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  • Writer's pictureMax Linkoff

3 Tools to Increase your Mental Performance

Updated: Dec 11, 2020

3 Tools to Increase your Mental Performance

Endless Zoom meetings. Quarantine fatigue. Ongoing normalcy adjustments.

Raise your hand if you’re feeling a form of mental exhaustion by the external and internal forces that have come to shape our day to day.

I know I am.

Over the last few years, I’ve been researching, testing, and refining various ways to maximize brain performance by fighting internal noise and reducing mental clutter and exhaustion.

Throughout the research and books read, one common theme continues to emerge:

our brain is a muscle and we should be treating it the same way we would any other muscle in our body. Prolonged usage without the right tools to rejuvenate its performance only leads to a decreased value in efficiency.

Below you’ll find 3 practical tools that you can integrate as part of your routine to increase your mental performance and brain stamina to keep your concentration and focus levels up throughout the day.

Since all of these tools and practices are from books I’ve read, I’ll be including an explanation of the tool/practice itself, how to use it, and quick tips from my own experience of implementing for more tactical ways to make it a part of your routine.

What is it?

Morning Pages is a form of journaling, where first thing in the morning, you grab a journal and start writing down whatever thoughts have been swirling in your brain. Julia Cameron recommends writing 3 pages worth of thoughts before you start any activity (shower, coffee, workout, etc.). If that seems like a lot, that’s because it is, and it’s intentional.

How does it work?

By putting all of your thoughts from pen to paper, especially first thing in the morning, you remove all the clutter - anxiety, doubts, negative mindsets - that may be lingering in your brain. Think of it as a clean sweep of the brain / your mindset to support you in gaining clarity on what you should be focusing on and how you should be tackling it. It’s cathartic, a brain booster, and an excellent way to start your day mentally energized and focused.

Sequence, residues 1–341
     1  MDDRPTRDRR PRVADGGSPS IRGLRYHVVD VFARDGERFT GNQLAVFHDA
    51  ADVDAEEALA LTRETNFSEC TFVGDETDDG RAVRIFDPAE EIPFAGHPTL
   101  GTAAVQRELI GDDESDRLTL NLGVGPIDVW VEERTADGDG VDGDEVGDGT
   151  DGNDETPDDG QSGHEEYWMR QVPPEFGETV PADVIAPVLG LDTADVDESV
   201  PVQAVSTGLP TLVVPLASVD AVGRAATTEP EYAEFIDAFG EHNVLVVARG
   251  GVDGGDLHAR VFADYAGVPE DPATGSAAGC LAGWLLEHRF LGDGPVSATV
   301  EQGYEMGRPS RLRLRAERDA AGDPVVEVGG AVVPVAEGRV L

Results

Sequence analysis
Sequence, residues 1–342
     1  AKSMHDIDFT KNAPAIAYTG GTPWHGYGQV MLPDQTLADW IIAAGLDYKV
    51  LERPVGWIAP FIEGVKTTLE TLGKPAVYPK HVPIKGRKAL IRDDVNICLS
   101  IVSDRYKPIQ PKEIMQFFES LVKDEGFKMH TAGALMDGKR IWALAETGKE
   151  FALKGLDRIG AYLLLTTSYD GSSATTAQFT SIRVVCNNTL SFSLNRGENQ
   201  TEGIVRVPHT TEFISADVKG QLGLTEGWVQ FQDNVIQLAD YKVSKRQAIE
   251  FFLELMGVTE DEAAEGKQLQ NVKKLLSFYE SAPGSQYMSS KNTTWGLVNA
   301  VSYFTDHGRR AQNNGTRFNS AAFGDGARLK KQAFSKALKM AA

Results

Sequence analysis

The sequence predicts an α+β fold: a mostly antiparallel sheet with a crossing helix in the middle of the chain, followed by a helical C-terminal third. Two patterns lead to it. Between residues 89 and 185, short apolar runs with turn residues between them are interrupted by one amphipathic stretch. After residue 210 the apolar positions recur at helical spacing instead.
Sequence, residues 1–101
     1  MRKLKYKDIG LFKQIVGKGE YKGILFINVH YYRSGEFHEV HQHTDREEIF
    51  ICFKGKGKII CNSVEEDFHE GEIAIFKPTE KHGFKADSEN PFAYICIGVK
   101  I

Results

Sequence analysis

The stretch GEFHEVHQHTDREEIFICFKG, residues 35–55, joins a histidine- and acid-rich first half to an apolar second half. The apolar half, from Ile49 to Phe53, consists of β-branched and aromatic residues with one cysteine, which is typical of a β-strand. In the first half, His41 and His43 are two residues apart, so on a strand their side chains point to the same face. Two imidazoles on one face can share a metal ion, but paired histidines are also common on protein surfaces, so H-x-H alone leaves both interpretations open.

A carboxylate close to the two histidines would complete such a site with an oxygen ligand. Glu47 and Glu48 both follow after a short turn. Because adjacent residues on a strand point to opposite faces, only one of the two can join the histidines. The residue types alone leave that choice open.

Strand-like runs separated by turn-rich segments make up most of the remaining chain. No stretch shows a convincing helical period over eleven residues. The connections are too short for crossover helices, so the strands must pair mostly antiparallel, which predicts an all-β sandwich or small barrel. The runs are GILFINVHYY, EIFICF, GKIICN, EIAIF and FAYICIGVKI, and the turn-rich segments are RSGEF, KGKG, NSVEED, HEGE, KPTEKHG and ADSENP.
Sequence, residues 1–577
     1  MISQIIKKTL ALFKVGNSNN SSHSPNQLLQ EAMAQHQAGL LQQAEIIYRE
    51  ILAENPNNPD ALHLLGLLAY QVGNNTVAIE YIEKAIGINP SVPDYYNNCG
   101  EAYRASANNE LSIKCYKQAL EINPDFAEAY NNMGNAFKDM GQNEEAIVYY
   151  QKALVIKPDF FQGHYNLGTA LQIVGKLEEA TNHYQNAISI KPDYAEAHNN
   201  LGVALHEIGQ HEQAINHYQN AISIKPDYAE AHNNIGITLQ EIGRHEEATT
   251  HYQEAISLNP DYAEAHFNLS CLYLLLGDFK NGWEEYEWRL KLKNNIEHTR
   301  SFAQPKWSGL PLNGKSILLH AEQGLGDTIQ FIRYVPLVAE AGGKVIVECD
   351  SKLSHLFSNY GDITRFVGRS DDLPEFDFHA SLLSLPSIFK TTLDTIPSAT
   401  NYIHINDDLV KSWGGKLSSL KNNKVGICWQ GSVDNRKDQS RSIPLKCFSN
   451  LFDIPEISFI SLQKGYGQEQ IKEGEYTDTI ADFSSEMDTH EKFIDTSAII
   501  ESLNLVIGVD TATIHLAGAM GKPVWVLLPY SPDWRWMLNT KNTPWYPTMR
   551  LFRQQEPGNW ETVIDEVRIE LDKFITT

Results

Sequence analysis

Quick tip:

This exercise was initially challenging for me. Writing one-page worth of thoughts can already be a struggle, so asking for three felt like a stretch. Like anything new though, the more consistently I would hit the three-page goal, the more beneficial the activity would be.

If you get stuck within the first page, Julia recommends writing a continued phrase over and over, such as, “I am writing this sentence to finish my Morning Pages”. While that may seem tedious, it does eventually allow your brain to get into a meditative state and even discover other clutter that has been on your mind.

Some mornings, you may not have 3 pages worth of notes - that’s okay. 1 page can even be effective too. Consistency is key and the type of thoughts you jot down will and should evolve over time.

Take things to the next level by adding in personal affirmations. You’ll be amazed at how it can transform even some of your most challenging internal topics and change your mindset, both personally and professionally.

More about the book: